would love to see benchmarks comparing such against say, intel core i7 dedicating linux firewall box consisting of a linux ip table filter set vetted by dod. not to say one is better than the other and i find it equals and the support included with a manufacturer is very valuable support for us as an enduser. pricing an asa device and support vs intel white label commodity box, could be the same but the support might be the differentiator when it comes down to it for some. –  Nick O'Neil Oct 30 '10 at 5:17

Security comes in layers, like onions. You want both perimeter protection and host protection and all you can get in-between and inside the host protection (application and so on).

Hardware isn't as most answers indicate really any different today, it's just software in appliance form. I wouldn't hesitate to put a Microsoft TMG on the perimeter defense and then use the built-in firewalls for host defense but generally there's some additional feel of safety (and increased maintenance burden) by mixing different firewall systems like a Cisco appliance and/or a Linux-based perimeter firewall.

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Hardware firewalls tend to have specialized chips to handle the increased load... this takes the load off your servers. Even the cheaper ASAs do this. –  K. Brian Kelley Oct 30 '10 at 1:54
    
Sure, and if you're going really big, purpose-built hardware will prevail but compared to say any ASA I'm just saying any modern general purpose hardware, especially when outfitted with some offloading network interfaces, can perform equal in "software" to "hardware" solutions. The difference is usually in the packaging, service and support imo (and perhaps energy consumption). Even hardware firewalls with decent encryption accelerators require separate VPN accelerators when over a certain limit. These could just as well be built into a generic NIC or added as pci-something expansion cards. –  Oskar Duveborn Oct 30 '10 at 12:35

To be pedantic: It should be noted that some high-end commercial firewall appliances feature custom-designed ASIC chips which do some of the work in dedicated silicon, and not on the main CPU. Such beasts are generally not needed unless you're dealing with big traffic and big crypto. As others have noted, in casual usage "hardware firewall" means a device running a minimized, hardened OS and firewall software, with a support contract from the vendor.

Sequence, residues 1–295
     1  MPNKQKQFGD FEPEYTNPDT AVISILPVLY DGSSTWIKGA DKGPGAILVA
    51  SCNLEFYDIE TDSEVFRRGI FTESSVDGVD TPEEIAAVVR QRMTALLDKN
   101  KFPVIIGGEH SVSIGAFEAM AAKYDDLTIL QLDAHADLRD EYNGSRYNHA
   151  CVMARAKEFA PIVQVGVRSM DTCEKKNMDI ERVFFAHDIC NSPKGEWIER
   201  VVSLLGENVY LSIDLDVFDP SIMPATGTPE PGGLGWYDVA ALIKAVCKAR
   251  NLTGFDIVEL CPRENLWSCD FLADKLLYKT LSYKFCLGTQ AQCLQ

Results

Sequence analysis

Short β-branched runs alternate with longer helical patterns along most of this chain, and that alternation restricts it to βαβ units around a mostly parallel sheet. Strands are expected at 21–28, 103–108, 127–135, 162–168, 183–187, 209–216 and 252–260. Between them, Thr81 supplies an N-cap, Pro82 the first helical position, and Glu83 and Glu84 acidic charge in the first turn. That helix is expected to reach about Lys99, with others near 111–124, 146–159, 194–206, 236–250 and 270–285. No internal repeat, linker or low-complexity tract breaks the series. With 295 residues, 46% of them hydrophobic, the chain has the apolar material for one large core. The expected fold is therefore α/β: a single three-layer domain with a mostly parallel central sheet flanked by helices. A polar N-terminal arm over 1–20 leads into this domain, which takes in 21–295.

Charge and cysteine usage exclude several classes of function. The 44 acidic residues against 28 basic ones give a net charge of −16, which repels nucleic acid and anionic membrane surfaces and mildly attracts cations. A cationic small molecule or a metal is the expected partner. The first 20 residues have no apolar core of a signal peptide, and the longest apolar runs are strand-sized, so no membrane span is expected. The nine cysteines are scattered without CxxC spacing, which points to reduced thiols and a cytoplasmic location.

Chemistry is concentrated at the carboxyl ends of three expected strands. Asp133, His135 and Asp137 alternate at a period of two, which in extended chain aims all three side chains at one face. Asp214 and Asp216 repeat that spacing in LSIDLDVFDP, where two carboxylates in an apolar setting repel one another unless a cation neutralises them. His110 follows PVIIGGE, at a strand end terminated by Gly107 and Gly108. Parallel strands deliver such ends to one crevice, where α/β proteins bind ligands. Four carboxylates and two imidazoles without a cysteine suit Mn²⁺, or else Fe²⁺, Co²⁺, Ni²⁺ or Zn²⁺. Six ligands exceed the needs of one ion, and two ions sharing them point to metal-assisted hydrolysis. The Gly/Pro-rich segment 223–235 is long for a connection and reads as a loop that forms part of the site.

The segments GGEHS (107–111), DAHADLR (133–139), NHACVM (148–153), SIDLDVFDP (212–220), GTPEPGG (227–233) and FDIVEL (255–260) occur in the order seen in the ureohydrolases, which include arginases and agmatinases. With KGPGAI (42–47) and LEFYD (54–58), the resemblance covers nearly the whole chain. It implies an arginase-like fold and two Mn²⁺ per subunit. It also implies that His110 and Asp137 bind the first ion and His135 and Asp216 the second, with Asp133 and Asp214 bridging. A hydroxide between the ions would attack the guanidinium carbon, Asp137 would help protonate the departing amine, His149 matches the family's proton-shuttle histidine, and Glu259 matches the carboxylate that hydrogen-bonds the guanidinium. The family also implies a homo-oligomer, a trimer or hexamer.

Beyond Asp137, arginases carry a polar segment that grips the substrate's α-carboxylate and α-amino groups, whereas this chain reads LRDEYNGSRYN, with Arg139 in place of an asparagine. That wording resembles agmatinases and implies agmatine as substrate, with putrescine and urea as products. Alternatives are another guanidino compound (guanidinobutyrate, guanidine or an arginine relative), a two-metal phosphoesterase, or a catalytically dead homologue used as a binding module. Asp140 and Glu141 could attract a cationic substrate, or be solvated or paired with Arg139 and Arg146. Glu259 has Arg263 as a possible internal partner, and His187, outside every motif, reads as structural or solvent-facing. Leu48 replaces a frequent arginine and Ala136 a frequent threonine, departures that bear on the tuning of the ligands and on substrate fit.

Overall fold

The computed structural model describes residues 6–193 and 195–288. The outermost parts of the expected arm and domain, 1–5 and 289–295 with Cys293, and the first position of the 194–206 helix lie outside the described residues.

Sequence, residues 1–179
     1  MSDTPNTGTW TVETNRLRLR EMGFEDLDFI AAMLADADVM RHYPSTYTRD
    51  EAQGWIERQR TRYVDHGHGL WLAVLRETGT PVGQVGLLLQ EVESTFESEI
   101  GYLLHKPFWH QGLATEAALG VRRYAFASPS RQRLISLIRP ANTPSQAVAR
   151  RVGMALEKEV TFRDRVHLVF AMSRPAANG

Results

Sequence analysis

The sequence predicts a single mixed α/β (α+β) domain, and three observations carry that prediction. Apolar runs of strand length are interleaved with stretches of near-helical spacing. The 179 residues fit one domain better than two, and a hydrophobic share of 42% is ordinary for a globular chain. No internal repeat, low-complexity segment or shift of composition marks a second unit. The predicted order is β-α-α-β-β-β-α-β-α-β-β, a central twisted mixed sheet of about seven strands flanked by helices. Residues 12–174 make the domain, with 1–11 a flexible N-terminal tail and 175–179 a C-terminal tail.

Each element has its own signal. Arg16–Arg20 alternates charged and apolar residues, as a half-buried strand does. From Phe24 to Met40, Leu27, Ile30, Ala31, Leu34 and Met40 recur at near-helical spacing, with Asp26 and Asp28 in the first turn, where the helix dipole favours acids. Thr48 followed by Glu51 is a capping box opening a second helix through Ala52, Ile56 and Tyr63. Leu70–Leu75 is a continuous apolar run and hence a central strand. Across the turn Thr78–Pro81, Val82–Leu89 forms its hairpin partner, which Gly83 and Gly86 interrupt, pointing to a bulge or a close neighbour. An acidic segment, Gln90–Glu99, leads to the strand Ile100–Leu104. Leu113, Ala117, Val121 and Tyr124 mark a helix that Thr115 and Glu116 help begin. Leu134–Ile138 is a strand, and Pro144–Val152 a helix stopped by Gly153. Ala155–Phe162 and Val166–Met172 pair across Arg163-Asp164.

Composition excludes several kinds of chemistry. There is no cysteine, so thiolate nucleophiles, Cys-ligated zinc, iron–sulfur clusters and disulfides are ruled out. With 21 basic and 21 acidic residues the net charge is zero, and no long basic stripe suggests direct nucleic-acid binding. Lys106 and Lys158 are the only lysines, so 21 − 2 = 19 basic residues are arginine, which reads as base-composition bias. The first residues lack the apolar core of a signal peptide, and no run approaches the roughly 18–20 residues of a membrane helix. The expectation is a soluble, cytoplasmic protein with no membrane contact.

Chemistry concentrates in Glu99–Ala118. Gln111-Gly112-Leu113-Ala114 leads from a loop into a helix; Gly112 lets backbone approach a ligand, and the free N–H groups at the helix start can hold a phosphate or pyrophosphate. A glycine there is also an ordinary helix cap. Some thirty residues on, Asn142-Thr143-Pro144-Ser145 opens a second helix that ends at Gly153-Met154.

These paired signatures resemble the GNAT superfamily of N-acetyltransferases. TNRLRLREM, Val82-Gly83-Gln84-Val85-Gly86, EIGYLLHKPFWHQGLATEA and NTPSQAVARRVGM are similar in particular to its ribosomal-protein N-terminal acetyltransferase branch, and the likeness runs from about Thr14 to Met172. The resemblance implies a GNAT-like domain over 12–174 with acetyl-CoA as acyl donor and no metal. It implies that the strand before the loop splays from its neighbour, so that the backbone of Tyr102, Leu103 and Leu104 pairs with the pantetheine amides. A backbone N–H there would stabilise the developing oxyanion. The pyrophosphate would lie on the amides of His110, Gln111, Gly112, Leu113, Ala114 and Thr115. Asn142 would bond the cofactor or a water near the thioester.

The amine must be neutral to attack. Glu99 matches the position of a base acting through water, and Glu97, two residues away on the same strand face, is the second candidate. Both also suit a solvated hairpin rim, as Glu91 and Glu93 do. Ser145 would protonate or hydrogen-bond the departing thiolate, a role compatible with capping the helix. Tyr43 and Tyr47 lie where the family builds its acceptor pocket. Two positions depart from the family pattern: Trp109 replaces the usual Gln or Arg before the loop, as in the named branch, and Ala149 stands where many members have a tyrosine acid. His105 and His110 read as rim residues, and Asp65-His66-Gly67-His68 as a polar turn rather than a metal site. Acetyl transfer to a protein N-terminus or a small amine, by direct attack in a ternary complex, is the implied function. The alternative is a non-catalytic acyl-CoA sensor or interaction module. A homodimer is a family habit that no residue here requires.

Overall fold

To the original question: All complex systems have flaws. To mitigate the risk of exploit, we build layered systems, so that the holes don't line up.

Exhibit A: "The target area is only two meters wide. It's a small thermal exhaust port, right below the main port. The shaft leads directly to the reactor system."

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+1 for the answer and for the Death Star reference. :) –  joeqwerty Oct 28 '10 at 17:18

We don't have a firewall protecting any of our servers. Here's why:

Host-based security says that any open port is a potential vulnerability (including, but not limited to, the ports you're intentionally making available to the public). If your servers simply do not have any open ports but the ones that you want to make available to the public, that's almost the same protection as a firewall will give you. The only added benefit that a firewall will bring is that you can easily control which IP addresses on the internet are (or are not) allowed to access the otherwise publicly-available ports. However, many servers have this functionality built in anyway. One other benefit is that a hardware firewall can be configured to use only one public IP address for many machines - which is mostly what they're used for these days.